|The best way to make your dreams come true is to wake up. - Paul Vale´ry|
No. 219, 15 November 1993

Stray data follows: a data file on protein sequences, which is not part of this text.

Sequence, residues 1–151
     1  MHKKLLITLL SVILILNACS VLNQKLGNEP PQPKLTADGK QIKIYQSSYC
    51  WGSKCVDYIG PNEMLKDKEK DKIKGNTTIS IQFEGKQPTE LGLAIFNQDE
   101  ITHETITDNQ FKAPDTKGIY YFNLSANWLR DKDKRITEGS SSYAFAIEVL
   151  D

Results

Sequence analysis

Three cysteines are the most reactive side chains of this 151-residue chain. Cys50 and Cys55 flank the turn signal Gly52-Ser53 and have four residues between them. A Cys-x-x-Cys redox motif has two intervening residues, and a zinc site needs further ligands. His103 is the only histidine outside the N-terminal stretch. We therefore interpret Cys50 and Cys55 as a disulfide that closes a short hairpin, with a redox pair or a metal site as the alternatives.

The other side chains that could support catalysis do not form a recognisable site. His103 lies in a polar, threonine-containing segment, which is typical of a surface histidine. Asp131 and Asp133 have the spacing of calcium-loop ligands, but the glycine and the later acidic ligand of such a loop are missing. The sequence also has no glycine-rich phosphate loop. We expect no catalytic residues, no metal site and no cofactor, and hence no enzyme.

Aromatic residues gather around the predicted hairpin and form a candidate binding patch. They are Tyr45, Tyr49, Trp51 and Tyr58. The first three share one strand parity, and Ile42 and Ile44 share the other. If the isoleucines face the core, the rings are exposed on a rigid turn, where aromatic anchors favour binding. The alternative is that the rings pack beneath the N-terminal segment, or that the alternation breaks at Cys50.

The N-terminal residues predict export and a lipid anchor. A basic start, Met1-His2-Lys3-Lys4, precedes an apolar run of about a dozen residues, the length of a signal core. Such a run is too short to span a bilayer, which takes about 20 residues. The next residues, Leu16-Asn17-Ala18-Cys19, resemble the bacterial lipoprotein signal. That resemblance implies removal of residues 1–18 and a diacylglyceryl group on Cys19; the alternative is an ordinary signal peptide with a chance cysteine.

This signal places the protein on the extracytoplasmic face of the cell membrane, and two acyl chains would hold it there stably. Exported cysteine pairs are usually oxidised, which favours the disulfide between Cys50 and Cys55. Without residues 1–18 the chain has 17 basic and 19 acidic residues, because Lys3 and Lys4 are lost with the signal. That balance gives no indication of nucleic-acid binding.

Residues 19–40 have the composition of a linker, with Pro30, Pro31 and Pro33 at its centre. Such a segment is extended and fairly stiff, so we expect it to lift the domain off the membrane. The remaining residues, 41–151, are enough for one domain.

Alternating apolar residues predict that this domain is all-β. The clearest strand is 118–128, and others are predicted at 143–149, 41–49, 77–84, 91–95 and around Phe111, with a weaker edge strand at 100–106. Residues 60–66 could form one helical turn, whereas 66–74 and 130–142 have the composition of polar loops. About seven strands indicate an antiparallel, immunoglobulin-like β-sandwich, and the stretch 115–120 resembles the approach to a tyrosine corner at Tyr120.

Radio Free Europe/Radio Liberty, Inc. RUSSIA YELTSIN CRITICIZES GRACHEV OVER 4 OCTOBER EVENTS. In an interview broadcast by the German ARD TV Network on 12 November, President Boris Yeltsin criticized Defense Minister Pavel Grachev for what Yeltsin described as hesitancy in calling Russian army troops into action against pro-parliament forces on the night of 3-4 October. Yeltsin, who appeared to corroborate earlier complaints over Grachev's performance by presidential aide Dmitrii Volkogonov, suggested that he himself had been concerned over Grachev's willingness to follow orders and over his failure to take the initiative in dealing with the developing crisis. Yeltsin also suggested that Grachev's hesitancy-described as a "psychological barrier"-might have stemmed at least in part from the Defense Minister's own fear that others in the military leadership would not stand behind him. In the event, according to Yeltsin, the military leadership as a whole proved more reliable than the Defense Minister. Yeltsin, who seemed to suggest that MVD (Interior Ministry) forces had saved the day, also said that it was a lack of coordination between the two ministries that had been responsible for the initial failure of government forces to defend several key facilities. Since 4-October Yeltsin has consistently defended Grachev; his latest remarks were the first evidence of tension between the two men. -Stephen Foye . . . SAYS HE HAD SECRETLY PLANNED TO ABOLISH PARLIAMENT. Yeltsin also told ARD that he had planned secretly to abolish parliament long before the announcement of his 21 September decree. "I wrote this edict with my own hand, with my own pen," Yeltsin said. "I told nobody anything about it and kept the edict in my safe for a whole month . . . It was top secret. The edict lay in my safe and waited for its time to come." Yeltsin also denied rumors that he drinks excessively, spoke highly of Andrei Sakharov and Margaret Thatcher, and dismissed Mikhail Gorbachev as a someone he could not respect either as a man or as a politician. -Stephen Foye THOUSANDS COMMEMORATE VICTIMS OF OCTOBER VIOLENCE. A memorial service was held outside the White House, the former Supreme Soviet building, to commemorate those who died in the violence in Moscow on 3-4 October. Reports in the Russian and Western media put the number of those attending the service at between 3,000 and 10,000. The commemoration service was held on the 40th day after the deaths, according to the traditions of the Russian Orthodox Church. Patriarch Aleksii II of Moscow and All Russia was said to have blessed the undertaking, which was organized by the leaders of the opposition Russian All-People's Union, Constitutional Democratic Party and Christian Democratic Party. -Wendy Slater MINERS STAGE ONE-DAY STRIKE. Coalminers in Vorkuta, in Russia's Far North, staged a 24-hour warning strike on 11 November, Interfax reported the following day. The strike was observed in all the mines in Vorkuta save one-that which supplies coal to Vorkuta itself. Prior to the strike action, 13 leaders of the independent miners' union had been on hunger strike for over a week, ITAR-TASS reported on 9 November. The miners have been Yeltsin's strongest supporters and stood behind him throughout his conflict with parliament, but they are alarmed that the freeing of energy prices will render at least half of Russia's coal mines bankrupt, forcing closures and mass layoffs (Izvestiya, 2 November). The miners are also claiming payment of back wages. They now plan to call a full strike on 1 December and say they will add to their demands a call for the resignation of the Russian government. Miners' leaders called on workers not to vote on 12 December for party lists that include members of the present government. -Elizabeth Teague GAIDAR WARNS INSOLVENT FIRMS. First Deputy Prime Minister Egor Gaidar was quoted by AFP on 13-November as saying that the state must stop subsidizing unprofitable firms, and that those firms which fail to adapt to the market economy will be "shut down forever." In an attempt to mollify two lobbies that are threatening not to vote on 12 December for the Gaidar-led "Russia's Choice" electoral bloc, Gaidar said the government would continue to support miners and farmers. In private, however, members of the Russian government are saying that, in the new year, the Yeltsin leadership will have to follow the example of Thatcherite Britain and face down a challenge from organized labor. They say that the only industries in which independent unions are strong enough to mount a sustained strike are coalmining and defense production and that the government could defeat a strike in either. This is because coal stocks are high following the general fall in production and because a drop in weapons production would not at present be seen as posing a serious threat to Russian security. -Elizabeth Teague GOVERNMENT TIGHTENS CONTROLS OVER EXPORT QUOTAS, CREDIT. The Council of Ministers has issued instructions stating that from 10 November state agencies may issue centralized state credits only after they have been reviewed and approved by the Prime Minister, reported ITAR-TASS on 14 November. The action would effectively subordinate much Central Bank activity to the government. The Council of Ministers also ordered that from 10 November its Commission on Operative Questions would take decisions on the distribution of export quotas. This function in the past has been carried out by the Ministry of External Economic Relations, officials of which have been repeatedly accused of corruption and favoritism. -Erik Whitlock MFA REORGANIZATION DEEPENS POLICY COMMITMENT. ITAR-TASS reported on 12-November that the Foreign Ministry will be "restructured" to upgrade its work with members of the CIS and other neighboring countries in the former Soviet Union and Soviet bloc. The reorganization does not envisage staff cuts; rather, specialists in arms control and international organizations will be added. This MFA reorganization heralds a deepening of Russia's commitment to the policy of reasserting its influence in areas under Moscow's umbrella during the Soviet period-the former republics of the Soviet Union and Eastern Europe. The outlines of this policy have been seen in Russia's opposition to East European membership in NATO and in its attempts to gain regional leadership in peacekeeping operations around the former Soviet Union. -Suzanne Crow NATO TO GET BRIEFING ON MILITARY DOCTRINE. Reuters reported on 14 November that Moscow has offered to send a high-level delegation to NATO headquarters within the next few weeks to brief alliance leaders fully on Russia's recently announced military doctrine, including Russia's new nuclear weapons' policy. The doctrine has not been published, and NATO sources were reported as saying that while it appeared to contain positive elements-including a defensive orientation, a recognition that Russia has no principle enemy, and an expressed willingness to participate in international peacekeeping operations-serious questions about emerging Russian policy in other areas had also been raised. These problem areas were identified as whether Russia might be prepared to use nuclear arms against Ukraine, and the extent to which Moscow considered other former Soviet republics to fall under defense umbrella. -Stephen Foye OPPOSITION CRITICIZES FORTHCOMING ELECTIONS, DRAFT CONSTITUTION. The nationalist All-People's Union issued a statement on 12-November saying that there was no chance of free and fair parliamentary elections being held under the current regime, Interfax reported. The statement said Russia's "ruling regime" had deliberately "excluded the whole non-communist opposition from participation in elections." It said the government was trying to "place a false alternative before citizens: either the present regime or communist ideology." The union was one of the parties and blocs that were denied the right to field candidates in the 12-December elections, according to the Central Election Commission, because the union, led by Sergei Baburin, had infringed the regulations in collecting the signatures needed to register. Also on 12 November Gennadii Zyuganov, the leader of Communist Party of the Russian Federation, which is to be allowed to take part in the elections, said that his party would urge people to reject the draft constitution to be put to referendum on 12 December. Zyuganov was quoted by Reuters as saying the draft was a "Bonapartist constitution" that gave sweeping rights to the President -Vera Tolz FILATOV ON ELECTIONS. Sergei Filatov, the President's chief of staff, speaking to senior security ministry officials on 13 November, said that he believed that between five and seven of the 13 parties and blocs now preparing to contest the elections on 12 December would breach the barrier of 5% popular support in order to gain seats in the State Duma, Interfax reported. According to Filatov's assessment, the pro-Yeltsin "Russia's Choice" bloc, the "Yavlinsky-Boldyrev-Lukin" bloc, the Party of Russian Unity and Concord, the Agrarian Union, and the Communist Party stand the best chances of gaining seats in a future parliament. He said that the promulgation of a new constitution at a referendum also on 12-December would stabilize society and guarantee against a repetition of the events of 3-4 October. -Wendy Slater PRESIDENTIAL AIDE ON EARLY ELECTIONS. Viktor Ilyushin, an aide to President Yeltsin told the Moscow correspondent of the inter-Arabian newspaper Ash-Shark-al-Ausad on 12-November that Yeltsin has not yet made a final decision over early presidential elections and may only do so after the formation of Russia's State Duma. Ilyushin said that, to his knowledge, Yeltsin had not abolished his decree on early presidential elections scheduled for 12 June 1994. In a telephone interview with Interfax reported on 12 November, Ilyushin said that he viewed the President's doubts about the need for early presidential elections as "natural." Ilyushin accused media leaders, to whom Yeltsin had made his remarks on 6-November about canceling early presidential elections, of having presenting the President's statement in a sensational manner. -Wendy Slater TRANSCAUCASIA AND CENTRAL ASIA KAZAKHSTAN INTRODUCES THE TENGE. Kazakhstan was expected to introduce its new national currency, the tenge, on 8:00 am on 15 November, various Russian and Western news agencies reported. President Nursultan Nazarbaev announced the move in a TV address on 12-November. Old ruble notes (issued 1961-92) and lower denomination new ruble notes will remain legal tender up to and including 17 November, and will be exchanged over the next week at banks at the rate of 500 rubles for 1 tenge (Individuals exchanging sums of over 100,000 rubles will have to give evidence of having legally earned these amounts). New ruble notes of denominations above 1,000 are to be withdrawn from circulation on 15 November (holders are to deposit such notes in bank accounts for exchange). The tenge will become Kazakhstan's exclusive national currency on 25 November. -Erik Whitlock UZBEKISTAN INTRODUCES THE SOM COUPON. Uzbek President Islam Karimov on 12-November announced the introduction of a new Uzbek currency, to take place simultaneously with the Kazakh action. The som coupon, in contrast with the tenge, will circulate for the present in parallel with old rubles and new ruble notes of denominations up to and including 1,000 rubles. Non-cash accounts and transactions will continue to be denominated in rubles. New ruble denominations of 5,000 and 10,000 will no longer be legal tender, and holders are to deposit these notes in banks for exchange. No date has been specified as to when the som might become Uzbekistan's exclusive currency. The slower Uzbek approach may be expected to provoke an inflationary inflow of old ruble notes from neighboring states. -Erik Whitlock CENTRAL AND EASTERN EUROPE FIGHTING FLARES IN BOSNIA. On 14 November Sarajevo Radio reported that Croat forces advanced on the central Bosnian town of Fojnica. Meanwhile, Croatian media reported on the same day that Croat forces had repelled attacks by Muslim troops on Fojnica. Western sources on 14 November observed that Serbian and Croatian troops advanced against Fojnica and Bakovici, and added that two hospitals in these towns, housing an estimated 576 bedridden and handicapped patients, have been caught in the fighting. Canadian peacekeepers told reporters that workers have failed to show up for work at both hospitals, and attributed their absence to the fighting. No casualties at either of the hospitals have been reported, and the patients are currently under the care of Canadian and Danish UN doctors and other healthcare professionals. Meanwhile, Vitalii Churkin, Russia's special envoy to former Yugoslavia, held meetings with Bosnian officials on 12 and 13-November. On 12 November Churkin met with Bosnian Serb leader Radovan Karadzic in Pale, and on the following day the Russian envoy travelled to Sarajevo for talks that included meetings with representatives of Bosnia's collective presidency. Churkin noted that all parties had enough of the war, and that establishing peace was imperative. He also stressed that as soon as a peace accord was reached for Bosnia, the international community ought to lift sanctions against rump Yugoslavia for its involvement in the Bosnian crisis. -Stan Markotich CHURKIN IN CROATIA. AFP reported that Churkin had arrived in Zagreb and had held talks on 14-November with Croatian government officials, including Croatian President Franjo Tudjman. According to the report, Churkin lent his support to the idea of "safe havens" for Bosnian Croats, a demand that the Croatian government articulated about a month ago. Churkin reiterated his position that the negotiations for a peace settlement of the Bosnian crisis should be tied to the question of lifting sanctions imposed against rump Yugoslavia. He further noted that the matters of peace in Bosnia and a lifting of the sanctions had to be resolved before any of Croatia's concerns could be addressed. At present, rebel Serb forces occupy about one-third of Croatia's territory. While President Tudjman received Churkin in a friendly manner, he told Croatian media that Croatia could not support any demands to have sanctions lifted against rump Yugoslavia until Belgrade recognized Croatia's international borders which include the presently Serb-held territories. -Stan Markotich SERBIA ROUNDUP. Belgrade media continue reporting on war crimes committed by Serbian paramilitary groups, most notably the Chetniks loyal to Serbian Radical Party (SRS) leader Vojislav Seselj. The media also speculate that Serbian President Slobodan Milosevic will hand over a group of SRS leaders to the war crimes tribunal that begins its deliberations in the Hague this week. For his part, Seselj told Borba on 13 November that he was not opposed to going to the Hague, provided that Milosevic went as well. He also told the daily that SRS has prepared a transition leadership team in the event that he is arrested. Seselj warned in an interview with the weekly NIN that Milosevic would do "anything" to provoke a civil war in Serbia. In another interview with Radio Pirot he also announced that SRS would no longer support Milosevic. Meanwhile, Politika reported on 12-November that in a preelection poll in Belgrade conducted on 1 November by the MF Agency the ruling Socialist Party won 21.6%, the Serbian Radical Party 12.1%, Serbian Renewal Movement 9.9%, the Democratic Party 8.6%, Democratic Party of Serbia 7.2%, with 3.3% going to the recently founded Party of Serbian Unity headed by the paramilitary leader and alleged war criminal Zeljko Raznjatovic alias Akan. Over 16% remained undecided, while 10.4% said they would not vote. -Milan Andrejevich CONTINUING CONTROVERSY IN MACEDONIA. Accusations and counter accusations, accompanied by new revelations concerning the arrest of Albanians allegedly involved in arms smuggling and plotting against the state continue. The Albanian government vehemently denied any connection with the accused reports ATA on 12 November and a spokesman charged Serbia with manipulating Macedonia. In Macedonia, the National Democratic Party, a predominantly Albanian formation accused the government of trying to influence public opinion against Albanians. The largest Albanian party, the Party for Democratic Prosperity, responded in a measured tone, noting that all arrested should receive a fair trial, according to MIC. -Duncan Perry VISEGRAD GROUP ECONOMIC MINISTERS MEET. The economic ministers of the Visegrad Group met in Budapest on 12 November to discuss the latest meeting of the worldwide free trade negotiations GATT, MTI and Radio Budapest report. They concluded that the successful outcome of the GATT negotiations would contribute to economic growth in their countries. Vladimir Dloughy, the Czech Trade and Industry Minister pointed out that a failure in the GATT talks would create political tensions because of the increasing unemployment. Bela Kadar, Hungarian Minister of International Economic Relations said that according to preliminary estimates, a successful conclusion of the GATT talks would bring a $270 billion profit to its members. This would make possible for the Visegrad Group countries to increase their worldwide trade share. -Judith Pataki "WEIMAR TRIANGLE" MEETS IN WARSAW. At their third annual trilateral meeting, the foreign ministers for Germany, France, and Poland-Klaus Kinkel, Alain Juppe, and Andrzej Olechowski-held talks in Warsaw on 12 November, PAP reports. Olechowski assured his counterparts that continuity will prevail in both Polish foreign policy and domestic reform. Kinkel and Juppe pledged to help Poland gain "associate member" status in the Western European Union at the organization's coming summit on 22 November. They also offered Poland the support of Germany and France in building closer ties with the EC. Meeting with the foreign ministers on 12 November, President Lech Walesa asked that "Europe show greater understanding for Poland's impatience" to join European economic and security structures. Olechowski also urged the EC to present explicit criteria for membership. The next meeting of the "Weimar Triangle" is scheduled for 1994 in Germany. -Louisa Vinton POLISH LIBERALS WANT MERGER WITH DEMOCRATIC UNION. At the close of a three-day conference in Warsaw on 14 November, the leadership of the Liberal Democratic Congress (KLD) resolved to undertake immediate negotiations with the Democratic Union (UD) aimed at building "a strong new force of the political Center capable of opposing the populist promises of the Left and the irresponsibility of the pseudo-Right." The resolution was a response to the UD's offer of a merger following the Liberals' defeat in the recent elections. Most of the KLD delegates favored dissolving both parties and building a completely new force from the bottom up, but the UD is likely to object to this idea. The UD's Henryk Wujec told PAP on 14 November that his party favors a "gradual process" of unification of the two parties. Donald Tusk was reelected KLD chairman, with the support of 159 of 216 delegates. -Louisa Vinton SLOVAK PRESIDENT IN GERMANY. TASR reports that Slovak President Michal Kovac arrived in Germany for a three-day visit on 14 November. He is scheduled to meet with German President Richard von Weizsaecker, Bundestag President Rita Suessmuth, Foreign Minister Klaus Kinkel, and members of the Bundestag's foreign relations committee. Bonn officials say that the talks are expected to focus on Slovakia's request for closer ties with the European Union and NATO. In an interview with CTK, Kovac said that he would be pleased if his visit resulted in greater support for Slovakia in the international community. -Jiri Pehe HUNGARIAN PRESIDENT SPEAKS OF SECURITY VACUUM. At a two-day forum in Budapest organized by the Council of Foreign Relations and the Central European University founded by the financier George Soros, Hungarian President Arpad Goncz said that a relative security vacuum exists in the region both in the military and economic sense, creating a threat of social turbulence. Goncz demanded that Central and Eastern Europe become a part of the NATO collective security system to ensure stability. The conference was attended by NATO Secretary General Manfred Woerner. After the conference Woerner met with Hungarian Prime Minister Jozsef Antall to discuss security matters. -Judith Pataki THE HUNGARIAN SOCIALISTS PARTY AND THE MEDIA. The Chairman of the Hungarian Socialist Party (HSP) Gyula Horn announced on 12 November that his party will start to collect signatures to force parliament to discuss the problems related to the supervision of the Hungarian Radio and Television, MTI reports. Last week the parliament refused to discuss a proposal submitted by the socialists. In case the HSP collects 50,000 signatures, parliament must take up the issue. Horn feels that the government or other political forces might take control of the news programs at the electronic media which could distort the election results. -Judith Pataki CONTROVERSY OVER PUBLICATION OF MEIN KAMPF CONTINUES IN ROMANIA. Reacting to the ruling of the Prosecutor General not to forbid the dissemination of Hitler's Mein Kampf, as well as to the prosecutor's statement that some of the extreme nationalist parties to whose activities President Ion Iliescu had drawn attention had been lawfully registered, a spokesman for Iliescu said the prosecutor had approached the problem from a "narrow, legalistic point of view." The presidential intervention, the spokesman said, had been determined by the awareness of the danger such manifestations represent for the evolution of Romanian society, taking into consideration "the reality of some neo-fascist movements, as well as that of anti-Semitic and racial manifestations" in some European countries, against the background of Romania's own past. The dangers inherent are already manifest in the attraction provided by "neo-fascist concepts and symbols" of "Iron-Guard inspiration," especially among young people, the spokesman said at a press conference on 12-November, broadcast by Radio Bucharest on the same day. -Michael Shafir HUNGARIAN PARTY PROPOSES NEW LAW ON NATIONAL MINORITIES IN ROMANIA. Following a three day debate in Tirgu Mures, the Council of Representatives of the Hungarian Democratic Federation of Romania agreed on a draft law on the national minorities. The draft is to be submitted to the Council for National Minorities. Among other things, the draft uses the term "autonomous community" interchangeably with that of "national minorities." In an interview with Radio Bucharest on 14 November, HDFR president Bela Marko said this follows the proposed provision according to which those national minorities that wish to express their identity "through specific autonomous institutions" can do so. Marko also said the draft refers to "collective rights" because some individual rights cannot be expressed without guaranteeing collective rights. The draft also grants national minorities the right to use their mother tongue in contacts with local authorities, including the judiciary, in those parts of the country where ethnic minorities are the majority of the local population. -Michael Shafir PAPOULIAS VISITS BUCHAREST, TIRANA. Greek Foreign Minister Karolos Papoulias, who has been travelling around the Balkans since 7 November, spent 12 November in Bucharest. According to Reuters, Papoulias met with Foreign Minister Teodor Melescanu to discuss the war in ex-Yugoslavia, as well as Athens' plans to promote regional affairs when holding the EC chairmanship during the first half of 1994. Papoulias said Greece's Balkan priorities will be to bring about a settlement on the conflicts in former Yugoslavia plus substantial improvements in the communications infrastructure of the region. On 13 November Papoulias was received by his counterpart Alfred Sereqi in Albania, a country with which Greece has experienced increasingly strained relations over the past few months. On the following day a spokesman of the Albanian foreign ministry announced that the two parties had agreed to set up a joint commission which will study ways of legalizing the status of (an estimated 200,000) illegal Albanian immigrants in Greece, a major cause for recent differences. On 14 November Papoulias, who in the early 1980s was instrumental in reducing bilateral tensions between the two states, was quoted by AFP as speaking of "a new chapter" in Greek-Albanian relations. The Greek visitor is scheduled to meet President Sali Berisha and Prime Minister Alexander Meksi on 15-November. -Kjell Engelbrekt BEROV PROMISES CABINET RESHUFFLE. Bulgarian Prime Minister Lyuben Berov has said he is planning to make changes in his cabinet following a vote of no confidence scheduled for 16 November. Berov told Reuters on 14 November that he is considering the appointment of new trade and labor ministers in order to remove part of the workload from his two deputy premiers currently performing those functions, but also the creation of a separate privatization ministry. He denied that the reshuffle was linked to growing criticism against his administration over the past few weeks. Berov's government, which throughout 1993 has enjoyed the support of three of the four parliamentary factions, has lately been accused of mismanaging the Bulgarian economy. On 10 November the Union of Democratic Forces filed a no confidence motion charging the cabinet with "incompetence and anti-social policies." However, on 13 and 14 November leaders of the Bulgarian Socialist Party and the Movement for Rights and Freedoms-which together hold a parliamentary majority-indicated they would continue to back the present government. -Kjell Engelbrekt ESTONIAN POPULAR FRONT ENDS ACTIVITIES. On 13 November the 5th Congress of the Estonian Popular Front in Tallinn with 7 votes against and 2 abstentions from about 230-participants decided formally to liquidate the organization, declaring that it had successfully fulfilled almost all of the objectives of its program, BNS reports. The congress gave the Popular Front leadership the powers of a liquidation commission and established a working group to study the history of the movement. -Saulius Girnius LITHUANIAN PRESIDENT CONCLUDES VISIT TO CHINA. On 15 November Algirdas Brazauskas held a press conference, broadcast live by Radio Lithuania, on his recently completed week-long visit to China. He held talks in Beijing with President Jiang Zemin on 8-November and with Prime Minister Li Peng on 9-November. The talks primarily focused on economic questions, especially Chinese trade to Europe through the Lithuanian port of Klaipeda. Li Peng also discussed Chinese reforms in agriculture and its efforts to gain foreign investments and inquired about Brazauskas's views on the future of the CIS. Lithuanian Transportation Minister Jonas Birziskis and the Chinese railroad minister signed an agreement regulating mutual settlements for cargo and passenger transportation by rail. On 10-11 November he held talks with officials and businessmen on the island of Hainan and visited various establishments in its free economic zone. -Saulius Girnius BELARUSIAN PARLIAMENT CONTINUES SESSION. The Belarusian parliament resumed its session on 12-November with economic issues as the main topic of discussion, Reuters reports. Chairman of the Supreme Soviet, Stanislau Shushkevich, accused the Prime Minister, Vyacheslau Kebich, of obstructing economic reform, while Kebich claimed his cautious approach had prevented the collapse of the economy and outbreaks of social unrest. Shushkevich called for privatizing two thirds of the state economy but also maintaining a joint financial system with Russia. The Chairman of the National Bank, Stanislau Bohdankievich, emphasized the need for rapid introduction of national currency to attract foreign loans and investment. On 11 November Interfax reported that Vice-Prime Minister Mikhail Myasnikovich had called for the introduction of national currency as the sole legal tender in the republic. He was reported to have suggested that it would be allowed to float against the Russian ruble to establish its market value and to stabilize the internal currency market. He said the measure would help the country move towards the creation of a monetary union with Russia. -Ustina Markus [As of 1200 CET] Compiled by Wendy Slater and Jan B. de Weydenthal THE RFE/RL DAILY REPORT IS PRODUCED BY THE RFE/RL RESEARCH INSTITUTE (A DIVISION OF RADIO FREE EUROPE/RADIO LIBERTY, INC.) with the assistance of the RFE/RL News and Current Affairs Division (NCA). The report is available by electronic mail via LISTSERV (RFERL-L@UBVM.CC.BUFFALO.EDU), on the Sovset' computer bulletin board, by fax, and by postal mail. For inquiries about specific news items, subscriptions, or additional copies, please contact: in North America: Mr. Brian Reed, RFE/RL, Inc., 1201 Connecticut Avenue NW, Washington, DC-20036 Telephone: (202) 457-6912 or -6907; Fax: (202) 457-6992 or 828-8783; Internet: RIDC@RFERL.ORG or Elsewhere: Ms. Helga Hofer, Publications Department, RFE/RL Research Institute, Oettingenstrasse 67, 80538 Munich, Germany;.Telephone: (+49 89) 2102-2631 or -2624; Fax: (+49 89) 2102-2648, Internet: PD@RFERL.ORG 1993, RFE/RL, Inc. All rights reserved.RFE/RL Daily Report